|Type||Working Paper - IMAGE Study Working Paper No.1|
|Title||The role of structural factors in explaining wide variations in community HIV prevalence: A study in rural South Africa|
To examine the association between structural factors and variations in HIV prevalence at the community level in a rural South African setting. Cross-sectional associations of individual and community level factors with community level HIV prevalence data. Randomly selected 14-35 year olds from 24 village subsections provided individual socio-demographic, mobility, sexual behaviour and HIV data. Structural variables were constructed from composites of these data, a second survey of adult women, and a community profiling exercise. For males and females separately, logistic regression was used to explore associations between structural factors and HIV prevalence, adjusting for individual age and sexual behaviour. Survey data from 2488 14-35 year olds and 825 poorer women were included in the analysis. HIV data came from 2373 14-35 year olds. HIV prevalence was 10.8% overall, ranging from 1.3% to 46.2% in 24 village subsections. Individual risk factors for HIV included older age for both sexes, sex before age 16 for males, and higher lifetime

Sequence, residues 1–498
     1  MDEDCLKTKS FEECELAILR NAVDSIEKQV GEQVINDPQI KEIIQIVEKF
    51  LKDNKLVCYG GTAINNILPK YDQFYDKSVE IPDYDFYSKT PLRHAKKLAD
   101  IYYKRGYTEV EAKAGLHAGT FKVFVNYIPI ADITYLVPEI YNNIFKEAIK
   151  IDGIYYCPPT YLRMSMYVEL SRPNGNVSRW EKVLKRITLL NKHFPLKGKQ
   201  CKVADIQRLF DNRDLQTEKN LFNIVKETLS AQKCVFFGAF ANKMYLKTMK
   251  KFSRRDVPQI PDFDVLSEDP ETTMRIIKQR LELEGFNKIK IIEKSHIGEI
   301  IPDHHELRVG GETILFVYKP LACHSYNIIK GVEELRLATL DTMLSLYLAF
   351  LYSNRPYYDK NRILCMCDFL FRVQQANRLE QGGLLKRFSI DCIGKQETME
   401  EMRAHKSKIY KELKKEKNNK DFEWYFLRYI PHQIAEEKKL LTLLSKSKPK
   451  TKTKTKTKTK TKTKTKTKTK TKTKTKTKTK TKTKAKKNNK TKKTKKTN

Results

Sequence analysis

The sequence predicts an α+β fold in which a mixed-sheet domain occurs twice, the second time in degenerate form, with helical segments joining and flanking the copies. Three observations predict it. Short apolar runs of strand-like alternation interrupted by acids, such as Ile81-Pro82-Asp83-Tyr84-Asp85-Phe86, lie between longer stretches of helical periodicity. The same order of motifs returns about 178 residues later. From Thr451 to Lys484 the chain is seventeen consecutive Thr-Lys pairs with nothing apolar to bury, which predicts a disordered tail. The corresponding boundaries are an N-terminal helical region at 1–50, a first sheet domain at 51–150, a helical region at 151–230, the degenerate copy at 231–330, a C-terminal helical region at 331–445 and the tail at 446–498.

numbers of partners for females. At a community level, easier access to the main town, higher proportions of short term residents, and lower levels of social capital were significantly associated with higher HIV prevalence in both sexes. Among males only,
higher HIV prevalence was significantly associated with easier access to a local mine, higher density and activity of local bars, higher numbers of sex workers per village, and lower proportions of out-migrants. Structural factors interact to shape risk-environments for HIV and are strongly associated with variations in prevalence at the community level. Interventions that address local structural factors are an important adjunct to existing prevention efforts.
|»||South Africa - Intervention with Microfinance for AIDS and Gender Equity Study 2001-2003|